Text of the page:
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Why does the Electoral School exist, and the way does it work? 5 important reads


On Dec. 14, the members of the Electoral School will meet in state capitols throughout the nation and forged their ballots for president and vp. The anticipated vote whole: 306 for Democrat Joe Biden and 232 for Republican Donald Trump. It is going to be their votes – not the votes of the almost 160 million People who forged ballots on or earlier than Nov. 3 – that can decide whose presidential time period will start on Jan. 20, 2021.

Over the previous a number of months, The Dialog has requested students of the Electoral School to elucidate how this technique was developed and the way it works and to explain whether or not – and the way – it offers benefits to sure individuals based mostly on the place they stay. We’ve collected highlights from a number of of these articles right here.

These 11 males agreed on a compromise that created the Electoral School.
The Dialog, from Wikimedia Commons, CC BY-ND

1. The place did it come from?

Delegates to the Constitutional Conference in 1787 debated three potential methods to choose a president, explains Purdue College civics educator Philip J. VanFossen: “election by Congress, choice by state legislatures and a preferred election – although the best to vote was typically restricted to white, landowning males.”

The thought of a preferred election – the place the candidate who received essentially the most votes gained – was engaging. However the 11 committee members realized the Southern states wouldn’t agree, as a result of they wished to wield extra political energy based mostly on their possession of enslaved individuals.

They in the end settled, VanFossen writes, on “a system of electors, by which each the individuals and the states would assist select the president. [It] was a partly nationwide and partly federal answer, and … mirrored different constructions within the Structure.”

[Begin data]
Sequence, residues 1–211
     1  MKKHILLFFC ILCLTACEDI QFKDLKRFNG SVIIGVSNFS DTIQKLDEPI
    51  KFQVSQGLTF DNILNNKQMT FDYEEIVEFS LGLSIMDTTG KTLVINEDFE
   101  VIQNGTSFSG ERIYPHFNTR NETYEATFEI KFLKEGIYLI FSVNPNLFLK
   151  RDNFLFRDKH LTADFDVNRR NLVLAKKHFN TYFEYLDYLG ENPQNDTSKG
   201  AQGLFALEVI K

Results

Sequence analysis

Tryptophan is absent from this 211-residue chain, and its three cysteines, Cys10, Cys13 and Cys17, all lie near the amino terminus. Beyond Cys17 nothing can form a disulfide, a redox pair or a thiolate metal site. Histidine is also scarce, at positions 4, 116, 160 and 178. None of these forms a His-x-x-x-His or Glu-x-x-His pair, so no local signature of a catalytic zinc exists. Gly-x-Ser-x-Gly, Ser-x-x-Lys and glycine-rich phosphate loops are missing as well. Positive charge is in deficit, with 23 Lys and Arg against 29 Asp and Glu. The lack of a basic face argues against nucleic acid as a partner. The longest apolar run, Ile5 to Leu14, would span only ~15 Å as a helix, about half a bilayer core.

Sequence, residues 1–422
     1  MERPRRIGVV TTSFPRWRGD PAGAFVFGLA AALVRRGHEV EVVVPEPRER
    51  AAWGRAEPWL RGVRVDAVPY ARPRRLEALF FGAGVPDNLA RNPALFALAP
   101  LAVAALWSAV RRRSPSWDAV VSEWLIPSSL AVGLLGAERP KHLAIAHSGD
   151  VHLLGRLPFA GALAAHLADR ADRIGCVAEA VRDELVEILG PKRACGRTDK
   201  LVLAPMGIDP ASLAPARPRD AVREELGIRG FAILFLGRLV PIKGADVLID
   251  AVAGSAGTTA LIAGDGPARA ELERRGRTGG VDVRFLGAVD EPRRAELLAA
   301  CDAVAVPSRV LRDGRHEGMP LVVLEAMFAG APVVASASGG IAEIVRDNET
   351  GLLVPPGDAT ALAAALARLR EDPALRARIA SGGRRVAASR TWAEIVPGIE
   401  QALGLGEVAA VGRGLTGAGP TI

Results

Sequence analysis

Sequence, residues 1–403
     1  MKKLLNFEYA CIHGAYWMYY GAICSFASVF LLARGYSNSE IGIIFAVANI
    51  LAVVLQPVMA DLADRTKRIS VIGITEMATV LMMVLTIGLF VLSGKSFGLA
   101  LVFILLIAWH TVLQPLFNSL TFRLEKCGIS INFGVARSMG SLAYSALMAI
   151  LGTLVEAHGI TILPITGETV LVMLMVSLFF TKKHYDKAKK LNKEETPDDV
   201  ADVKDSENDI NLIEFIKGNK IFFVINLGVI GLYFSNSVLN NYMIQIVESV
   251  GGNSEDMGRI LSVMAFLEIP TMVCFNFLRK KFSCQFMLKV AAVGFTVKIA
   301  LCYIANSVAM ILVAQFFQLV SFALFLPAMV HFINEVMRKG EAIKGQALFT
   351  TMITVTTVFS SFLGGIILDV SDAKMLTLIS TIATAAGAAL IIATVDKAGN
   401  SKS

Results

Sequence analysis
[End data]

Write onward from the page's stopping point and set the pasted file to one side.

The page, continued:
That system assigned two U.S. senators to every state, and numerous U.S. representatives based mostly on states’ relative populations – and numerous electors equal to the sum of the senators and representatives. No state would have fewer than three electors, regardless of how few individuals lived there.

2. Benefiting much less populous states

That system means voters in numerous states are handled in another way, writes LaGrange School political scientist John Tures.

As he explains, “some critics have complained that the Electoral School system encourages candidates to disregard voters in smaller states like Oklahoma and Mississippi, as an alternative specializing in campaigning in large states like California and New York, which have numerous electoral votes.”

However in actuality, the Electoral School offers a bonus to voters in much less populous states, Tures finds: “[V]oters in small states have extra Electoral School votes per capita than bigger, extra various states, utilizing a number of totally different measures – and due to this fact extra energy to decide on a president than they might have in a nationwide widespread election.”

He notes {that a} related system for electing Georgia’s governor was overturned in 1963 in a U.S. Supreme Courtroom “ruling that it violated the basic precept of ‘one particular person, one vote.’”